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For Mariana Fernández, the third time was the charm — at least when it came to running the New York City Marathon.
The Peloton instructor ran the iconic race for the third time this year, and secured the PR she’s had her eye for years: a sub-4-hour finish. That’s impressive in its own right, but what makes it even sweeter is the fact that she walked away with this result despite taking almost all of August off from running — typically when NYC Marathon prep starts getting serious — to freeze her eggs. The timing of the procedure threw a wrench in her training, she says, and left her bedridden for 10 days.
Still, she came out the other side to run the Chicago and NYC Marathon back to back, secure that PR, and run her most joyful races yet. Ahead of the NYC Marathon, Fernández opened up to POPSUGAR about the journey she’s been through in the last few months, and it’s just as inspiring as anything you’ll hear her say in class.
Fernández was working hard all year with this PR in mind; she ran half marathons every month through the winter, and was having a great training summer. Then, everything fell into place for her to pursue another personal goal: freezing her eggs.
“I had been in the talks of doing fertility treatment and I finally found a doctor that I really liked, we found a window of time, my 30th birthday was coming up, and everything kind of aligned,” she tells POPSUGAR. “This is something that I wanted to prioritize and do for myself. August was dedicated to getting that done, but it took me out for about three and a half weeks because my recovery was also pretty painful.”
Egg freezing typically involves about two weeks of hormone shots and a retrieval procedure done while under general anesthesia. The recovery experience can vary; Fernández says her sister was hiking two days after her egg retrieval, while she herself was stuck in bed for 10. And during the process itself, many doctors recommend patients abstain from exercise completely or stick to low-intensity, low-impact methods to reduce any risk of interfering with the effectiveness of the procedure.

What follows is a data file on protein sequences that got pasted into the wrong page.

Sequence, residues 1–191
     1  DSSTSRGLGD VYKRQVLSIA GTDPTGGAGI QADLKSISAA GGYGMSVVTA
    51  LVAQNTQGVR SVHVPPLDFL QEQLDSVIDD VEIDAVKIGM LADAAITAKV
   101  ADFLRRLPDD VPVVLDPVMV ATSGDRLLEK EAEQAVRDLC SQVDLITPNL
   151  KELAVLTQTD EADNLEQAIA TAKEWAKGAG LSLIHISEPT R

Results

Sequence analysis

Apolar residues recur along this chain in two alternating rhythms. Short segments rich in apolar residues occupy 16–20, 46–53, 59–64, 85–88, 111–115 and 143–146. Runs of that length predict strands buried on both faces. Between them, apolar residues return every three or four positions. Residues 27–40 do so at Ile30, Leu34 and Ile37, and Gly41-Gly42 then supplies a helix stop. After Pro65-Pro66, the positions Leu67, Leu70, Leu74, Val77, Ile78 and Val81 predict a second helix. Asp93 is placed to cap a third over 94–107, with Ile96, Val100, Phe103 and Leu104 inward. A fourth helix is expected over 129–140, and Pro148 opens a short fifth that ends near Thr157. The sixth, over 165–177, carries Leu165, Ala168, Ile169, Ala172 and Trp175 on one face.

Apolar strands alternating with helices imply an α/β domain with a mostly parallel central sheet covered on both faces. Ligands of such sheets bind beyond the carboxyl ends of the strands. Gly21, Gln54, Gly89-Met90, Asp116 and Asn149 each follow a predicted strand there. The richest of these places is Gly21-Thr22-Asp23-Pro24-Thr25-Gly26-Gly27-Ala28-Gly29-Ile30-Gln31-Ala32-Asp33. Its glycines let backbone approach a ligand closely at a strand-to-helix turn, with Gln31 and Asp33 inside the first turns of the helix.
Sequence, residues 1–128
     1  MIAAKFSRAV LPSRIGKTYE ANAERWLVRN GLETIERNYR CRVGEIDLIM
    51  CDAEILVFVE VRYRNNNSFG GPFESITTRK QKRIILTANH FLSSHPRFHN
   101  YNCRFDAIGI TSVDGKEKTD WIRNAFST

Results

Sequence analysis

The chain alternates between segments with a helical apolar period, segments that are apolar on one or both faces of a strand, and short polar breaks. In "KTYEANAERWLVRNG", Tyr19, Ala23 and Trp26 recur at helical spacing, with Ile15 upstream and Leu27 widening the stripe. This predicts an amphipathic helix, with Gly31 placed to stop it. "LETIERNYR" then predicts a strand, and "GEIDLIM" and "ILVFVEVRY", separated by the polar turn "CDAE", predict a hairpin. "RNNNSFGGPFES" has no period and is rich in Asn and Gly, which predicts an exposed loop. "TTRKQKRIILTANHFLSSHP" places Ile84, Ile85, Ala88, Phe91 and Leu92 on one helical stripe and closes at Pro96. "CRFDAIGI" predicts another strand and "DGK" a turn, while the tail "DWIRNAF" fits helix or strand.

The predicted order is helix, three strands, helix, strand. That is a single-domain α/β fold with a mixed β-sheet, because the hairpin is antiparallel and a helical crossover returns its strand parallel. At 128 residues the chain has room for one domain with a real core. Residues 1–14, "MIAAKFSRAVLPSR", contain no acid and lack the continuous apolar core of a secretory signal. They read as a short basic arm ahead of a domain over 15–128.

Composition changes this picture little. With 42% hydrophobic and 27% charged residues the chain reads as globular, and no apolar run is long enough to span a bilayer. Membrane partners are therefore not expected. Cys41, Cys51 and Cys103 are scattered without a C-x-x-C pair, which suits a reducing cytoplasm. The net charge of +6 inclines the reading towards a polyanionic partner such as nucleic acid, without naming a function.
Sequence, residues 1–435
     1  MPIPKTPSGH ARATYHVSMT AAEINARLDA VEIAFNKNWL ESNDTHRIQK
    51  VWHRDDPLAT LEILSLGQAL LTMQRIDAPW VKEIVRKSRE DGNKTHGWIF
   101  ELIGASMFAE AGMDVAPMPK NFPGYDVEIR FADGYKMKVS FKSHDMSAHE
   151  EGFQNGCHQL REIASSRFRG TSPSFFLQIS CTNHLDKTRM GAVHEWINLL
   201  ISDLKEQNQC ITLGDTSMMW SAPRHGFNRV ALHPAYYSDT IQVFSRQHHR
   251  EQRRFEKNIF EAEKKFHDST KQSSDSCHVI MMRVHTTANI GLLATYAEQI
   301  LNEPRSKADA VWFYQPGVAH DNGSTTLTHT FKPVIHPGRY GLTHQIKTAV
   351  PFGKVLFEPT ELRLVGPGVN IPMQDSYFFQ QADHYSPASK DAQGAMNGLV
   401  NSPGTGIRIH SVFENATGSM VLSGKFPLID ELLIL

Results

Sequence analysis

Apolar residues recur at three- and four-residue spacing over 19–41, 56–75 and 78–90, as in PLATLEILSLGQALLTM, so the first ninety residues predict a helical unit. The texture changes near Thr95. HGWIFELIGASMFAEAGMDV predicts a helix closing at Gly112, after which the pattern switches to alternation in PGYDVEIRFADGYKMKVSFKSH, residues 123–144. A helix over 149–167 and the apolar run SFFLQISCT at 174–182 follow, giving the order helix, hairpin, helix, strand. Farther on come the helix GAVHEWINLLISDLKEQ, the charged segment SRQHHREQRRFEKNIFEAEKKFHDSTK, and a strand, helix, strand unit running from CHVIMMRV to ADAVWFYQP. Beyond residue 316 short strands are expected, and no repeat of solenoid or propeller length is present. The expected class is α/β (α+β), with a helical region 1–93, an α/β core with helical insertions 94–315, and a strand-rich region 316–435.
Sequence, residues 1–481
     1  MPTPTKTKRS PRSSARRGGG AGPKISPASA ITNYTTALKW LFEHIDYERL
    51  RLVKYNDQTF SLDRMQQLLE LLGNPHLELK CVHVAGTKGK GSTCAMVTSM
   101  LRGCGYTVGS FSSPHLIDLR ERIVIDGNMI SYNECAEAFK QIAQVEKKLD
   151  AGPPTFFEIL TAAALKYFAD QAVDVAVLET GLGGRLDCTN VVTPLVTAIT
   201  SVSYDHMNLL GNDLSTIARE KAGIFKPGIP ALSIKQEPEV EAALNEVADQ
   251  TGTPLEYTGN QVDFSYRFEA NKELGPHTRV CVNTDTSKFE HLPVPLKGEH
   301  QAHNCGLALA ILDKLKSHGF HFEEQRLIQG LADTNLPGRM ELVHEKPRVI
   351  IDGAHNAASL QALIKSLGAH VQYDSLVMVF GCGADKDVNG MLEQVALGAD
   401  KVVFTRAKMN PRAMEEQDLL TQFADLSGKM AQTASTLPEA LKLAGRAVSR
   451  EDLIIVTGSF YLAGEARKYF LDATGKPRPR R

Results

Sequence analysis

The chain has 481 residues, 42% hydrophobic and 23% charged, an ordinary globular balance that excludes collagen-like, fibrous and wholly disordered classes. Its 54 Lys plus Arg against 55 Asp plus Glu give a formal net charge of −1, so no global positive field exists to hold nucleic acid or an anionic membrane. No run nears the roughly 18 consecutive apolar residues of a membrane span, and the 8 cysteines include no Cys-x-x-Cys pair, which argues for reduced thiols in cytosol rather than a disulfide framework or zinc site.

For someone whose livelihood is teaching fitness classes, that’s tricky. But perhaps even more difficult for Fernández was the inability to use exercise as a mental health tool, especially around such an important and emotionally charged procedure.
“It’s a very emotionally taxing and demanding process, and the fact that you can’t have some of your outlets readily available . . . for me, that was really tough,” Fernández says. You don’t know how you’re going to react or how your body’s going to take the different parts of the process, and sitting around and waiting for that to play out can be challenging. Fernández relied on her personal meditation practice and took solace in speaking with fellow Peloton instructors who’ve also been through difficult fertility journeys, including Jess King and Robin Arzón.
Though her recovery was “rough,” Fernández made it through. “As much as you can have these big goals and this training plan, life happens and you have to pivot and adapt,” she says. “That was a big reminder for me this year.”
Finding Joy in Running Again
Fernández was signed up to run the Chicago Marathon on Oct. 8, not long at all after going through the egg-freezing process, and a month before the NYC race. She was originally planning to gun for her PR at the first race, but life demanded she pivot.
“Women are really as resilient as anything. . . at the marathon it almost felt like, if my body can do all that? I’ve got this.”